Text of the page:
|Partizanskaya||Izmaylovsky Park Kultury i Otdykha imeni Stalina||1944–1946|
|Zamoskvoretskaya line||Ploshchad Revolyutsii|
|Kuntsevskaya (cross-platform interchange)|
|Kalininsko–Solntsevskaya line (west)||Park Pobedy (cross-platform interchange)|
The line is served by the Izmailovo depot (#3) and it presently has 43 seven carriage trains assigned to it. Historically none of the trains that used on the line have been new rolling stock. Rather most of its rolling stock has consisted of older train models that were no longer being used on other lines when those lines upgraded their rolling stock to newer ones. Thus all trains that are retired from this line are sent to the scrapyard. For example, the Am and Bm types in 1975 and the D type in 1995 and currently the E type. Currently the line is being served by 81-74x series 5-car train sets with .1 and .4 modifications.
Recent events and plans
In 1953, after the closure of the shallow stations between Ploshchad Revolyutsii and Kievskaya and their replacement with the present deep ones, more westward extensions were planned to begin. However, Nikita Khrushchev's inspiration after visiting the New York City Subway prompted all works to be cancelled and the shallow stations to be reopened with a westward surface track creating the Filyovskaya line. Although the construction of surface stations reached the western districts of Moscow by the mid-1960s, the Russian winter climate took its toll on the operation and management of the Filyovskaya line.
In addition to that, the northwestern districts of Moscow, including the Strogino and Mitino housing estates, which were built in the 1970s and 1980s remained isolated. All of the bus and tram routes in that area led to the Shchukinskaya and Tushinskaya stations of the Tagansko–Krasnopresnenskaya line, which made the latter line one of the busiest in the system. By the mid-1980s it was clear that a complex reconstruction was needed to solve the transport problems in Western Moscow. The first plans to link Strogino to the city center were formed back in the 1960s before they were even built. The mid-1960s general plan proposed the new Tagansko–Krasnopresnenskaya line to have a branch from Polezhayevskaya which would continue westwards into Khoroshovo, Serebryany Bor and ultimately Strogino, and afterwards towards Krasnogorsk. Despite Polezhayevskaya being opened in 1972 with three tracks, it was never to be used for its intended purposes.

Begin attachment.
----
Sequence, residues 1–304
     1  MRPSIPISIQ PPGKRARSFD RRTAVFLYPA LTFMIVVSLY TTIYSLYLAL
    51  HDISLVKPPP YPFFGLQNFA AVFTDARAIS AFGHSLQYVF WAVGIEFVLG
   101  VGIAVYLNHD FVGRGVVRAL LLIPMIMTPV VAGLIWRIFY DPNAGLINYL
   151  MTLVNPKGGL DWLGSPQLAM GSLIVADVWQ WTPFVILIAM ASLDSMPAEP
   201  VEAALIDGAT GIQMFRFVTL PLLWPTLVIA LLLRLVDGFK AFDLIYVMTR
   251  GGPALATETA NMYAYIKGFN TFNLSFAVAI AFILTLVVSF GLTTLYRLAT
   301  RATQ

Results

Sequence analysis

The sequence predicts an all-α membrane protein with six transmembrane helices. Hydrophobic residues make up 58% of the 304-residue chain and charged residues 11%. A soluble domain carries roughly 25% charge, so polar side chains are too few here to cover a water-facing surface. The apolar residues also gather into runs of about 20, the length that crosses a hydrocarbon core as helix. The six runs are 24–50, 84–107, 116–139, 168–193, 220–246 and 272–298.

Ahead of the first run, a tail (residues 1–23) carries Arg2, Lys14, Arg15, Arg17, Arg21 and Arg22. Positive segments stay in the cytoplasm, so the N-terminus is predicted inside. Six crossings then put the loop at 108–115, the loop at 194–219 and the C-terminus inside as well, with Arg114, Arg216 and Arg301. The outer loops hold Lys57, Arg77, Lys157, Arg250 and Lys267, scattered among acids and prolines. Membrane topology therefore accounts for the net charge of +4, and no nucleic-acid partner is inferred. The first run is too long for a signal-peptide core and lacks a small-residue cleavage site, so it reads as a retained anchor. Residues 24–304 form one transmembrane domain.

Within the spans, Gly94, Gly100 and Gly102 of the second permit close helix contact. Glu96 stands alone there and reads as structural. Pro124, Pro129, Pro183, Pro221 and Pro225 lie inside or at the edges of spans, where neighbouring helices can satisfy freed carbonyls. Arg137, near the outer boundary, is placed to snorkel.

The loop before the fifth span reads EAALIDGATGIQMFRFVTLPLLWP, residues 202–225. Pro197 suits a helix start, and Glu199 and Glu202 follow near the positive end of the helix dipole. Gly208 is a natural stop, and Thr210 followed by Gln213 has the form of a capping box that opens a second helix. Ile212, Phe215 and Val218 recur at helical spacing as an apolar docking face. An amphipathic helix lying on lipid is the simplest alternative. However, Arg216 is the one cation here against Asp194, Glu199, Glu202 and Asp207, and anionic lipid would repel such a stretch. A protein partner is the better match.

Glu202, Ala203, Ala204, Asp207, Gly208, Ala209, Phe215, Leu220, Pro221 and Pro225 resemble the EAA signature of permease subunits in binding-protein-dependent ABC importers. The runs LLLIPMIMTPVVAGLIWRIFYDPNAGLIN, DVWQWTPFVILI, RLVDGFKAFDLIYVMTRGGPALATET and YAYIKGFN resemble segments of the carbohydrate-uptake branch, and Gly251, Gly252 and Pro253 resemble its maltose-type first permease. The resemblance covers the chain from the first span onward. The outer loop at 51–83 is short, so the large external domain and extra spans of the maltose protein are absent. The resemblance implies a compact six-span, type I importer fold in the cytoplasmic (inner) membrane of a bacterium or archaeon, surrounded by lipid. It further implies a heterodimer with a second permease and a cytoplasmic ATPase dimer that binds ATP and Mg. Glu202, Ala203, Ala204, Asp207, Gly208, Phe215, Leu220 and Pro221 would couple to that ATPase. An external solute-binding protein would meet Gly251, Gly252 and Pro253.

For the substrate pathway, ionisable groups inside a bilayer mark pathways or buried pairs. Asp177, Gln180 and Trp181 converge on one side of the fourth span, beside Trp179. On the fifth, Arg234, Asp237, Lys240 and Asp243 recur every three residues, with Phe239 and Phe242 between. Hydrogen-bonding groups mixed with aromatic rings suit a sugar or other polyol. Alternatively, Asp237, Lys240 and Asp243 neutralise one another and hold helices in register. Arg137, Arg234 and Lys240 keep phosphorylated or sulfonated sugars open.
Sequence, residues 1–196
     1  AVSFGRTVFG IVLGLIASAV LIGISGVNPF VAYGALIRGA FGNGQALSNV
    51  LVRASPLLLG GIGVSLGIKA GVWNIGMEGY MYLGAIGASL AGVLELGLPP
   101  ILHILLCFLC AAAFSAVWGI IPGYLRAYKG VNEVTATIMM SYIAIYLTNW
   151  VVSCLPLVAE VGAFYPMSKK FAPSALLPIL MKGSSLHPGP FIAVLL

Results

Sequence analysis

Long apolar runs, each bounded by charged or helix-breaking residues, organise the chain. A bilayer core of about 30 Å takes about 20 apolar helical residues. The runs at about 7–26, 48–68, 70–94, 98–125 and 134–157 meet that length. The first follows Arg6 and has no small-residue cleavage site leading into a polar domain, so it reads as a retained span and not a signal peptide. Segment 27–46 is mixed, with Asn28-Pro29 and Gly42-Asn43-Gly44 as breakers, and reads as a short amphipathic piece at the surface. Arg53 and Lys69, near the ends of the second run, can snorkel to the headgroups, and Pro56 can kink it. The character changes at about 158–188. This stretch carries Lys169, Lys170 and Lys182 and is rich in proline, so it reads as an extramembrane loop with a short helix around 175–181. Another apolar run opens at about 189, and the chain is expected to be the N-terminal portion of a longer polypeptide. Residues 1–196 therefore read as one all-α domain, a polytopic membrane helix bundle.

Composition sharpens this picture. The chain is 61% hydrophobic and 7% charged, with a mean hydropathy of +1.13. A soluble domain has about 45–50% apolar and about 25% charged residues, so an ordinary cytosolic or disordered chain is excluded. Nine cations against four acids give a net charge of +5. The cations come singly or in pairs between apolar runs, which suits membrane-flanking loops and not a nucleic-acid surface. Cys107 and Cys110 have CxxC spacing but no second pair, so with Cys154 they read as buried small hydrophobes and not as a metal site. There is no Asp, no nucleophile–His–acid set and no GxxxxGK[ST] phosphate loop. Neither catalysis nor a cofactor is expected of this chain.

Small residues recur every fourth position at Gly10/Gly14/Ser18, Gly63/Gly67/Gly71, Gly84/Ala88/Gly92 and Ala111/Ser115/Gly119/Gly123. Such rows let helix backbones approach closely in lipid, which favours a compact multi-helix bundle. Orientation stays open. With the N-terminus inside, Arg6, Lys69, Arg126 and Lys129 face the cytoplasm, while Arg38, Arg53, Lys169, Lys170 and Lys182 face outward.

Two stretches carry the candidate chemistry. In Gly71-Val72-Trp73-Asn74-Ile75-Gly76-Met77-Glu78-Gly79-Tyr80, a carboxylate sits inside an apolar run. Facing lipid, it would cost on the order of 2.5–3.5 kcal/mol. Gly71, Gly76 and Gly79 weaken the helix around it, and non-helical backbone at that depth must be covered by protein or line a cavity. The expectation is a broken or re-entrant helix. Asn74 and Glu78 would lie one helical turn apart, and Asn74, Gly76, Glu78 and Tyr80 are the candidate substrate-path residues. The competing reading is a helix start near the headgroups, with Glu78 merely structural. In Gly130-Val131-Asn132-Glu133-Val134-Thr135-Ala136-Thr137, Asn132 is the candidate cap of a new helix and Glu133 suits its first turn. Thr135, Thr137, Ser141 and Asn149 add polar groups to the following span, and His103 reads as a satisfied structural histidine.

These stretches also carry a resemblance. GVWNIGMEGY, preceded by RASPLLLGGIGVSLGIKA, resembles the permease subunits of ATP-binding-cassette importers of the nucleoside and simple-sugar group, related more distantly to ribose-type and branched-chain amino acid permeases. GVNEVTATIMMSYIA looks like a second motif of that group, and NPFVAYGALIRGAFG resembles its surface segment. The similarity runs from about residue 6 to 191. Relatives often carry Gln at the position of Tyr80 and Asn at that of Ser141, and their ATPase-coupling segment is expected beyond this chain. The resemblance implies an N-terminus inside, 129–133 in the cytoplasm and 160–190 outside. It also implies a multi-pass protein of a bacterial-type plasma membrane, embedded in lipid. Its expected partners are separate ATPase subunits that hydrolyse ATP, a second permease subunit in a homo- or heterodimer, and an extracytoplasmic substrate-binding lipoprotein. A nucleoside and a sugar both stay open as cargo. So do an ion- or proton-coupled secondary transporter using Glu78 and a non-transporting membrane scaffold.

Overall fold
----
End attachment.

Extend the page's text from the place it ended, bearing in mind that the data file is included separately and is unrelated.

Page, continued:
Owing to the disadvantages of the over-congested centre, a set of chordial and semi-chordial lines that would bypass the city centre and the Koltsevaya line was proposed in 1980s. The Mitinsko–Butovskaya line would begin in Mitino, continue south to Strogino and then to Khoroshovo, Fili, along the Moscow Little Ring Railway via Luzhniki before finally coming south to the district of Biryulyovo and continuing into Butovo. In 1988 building commenced on the extension of Arbatsko–Pokrovskaya line to Park Pobedy which was to be a cross-platform interchange with the new chord. At the same time, construction was started in earnest on three stations of the chord: Strogino, Volokolamskaya and Mitino along with a new bridge across Moskva River between Strogino and Volokolamskaya and a depot after Mitino.
In 1990s following the collapse of the Soviet Union state funding was cut to negligible amounts, and the construction of the chordial lines was permanently halted. In March 1993, Moscow Metro published a revised plan for what was to replace the chord. The already started section in Mitino and Strogino should be completed and the hooked on to the Filyovskaya line, and for the next ten years all Moscow Metro maps drew the three stations that way. However realistically, with the exception of the new Krylatskoye station (opened in 1989) and the underground Molodyozhnaya (1965), the Filyovskaya line could not have dealt with the additional passenger load, consisting of closely situated stations with short platforms. The same plan however also proposed that the Kalininskaya line would travel via Moscow-City to Khoroshovo and Strogino, and take the branch to Mitino. The plan also in perspective proposed that Park Pobedy of the Arbatsko–Pokrovskaya line would be completed and the line would then continue to double the Filyovskaya line, with two stations before docking at Kuntsevskaya and annexing the underground section of the Filyovskaya line. Because the Arbatsko–Pokrovskaya line had relatively low passenger traffic, it was decided to have it take up the main share of the transit load.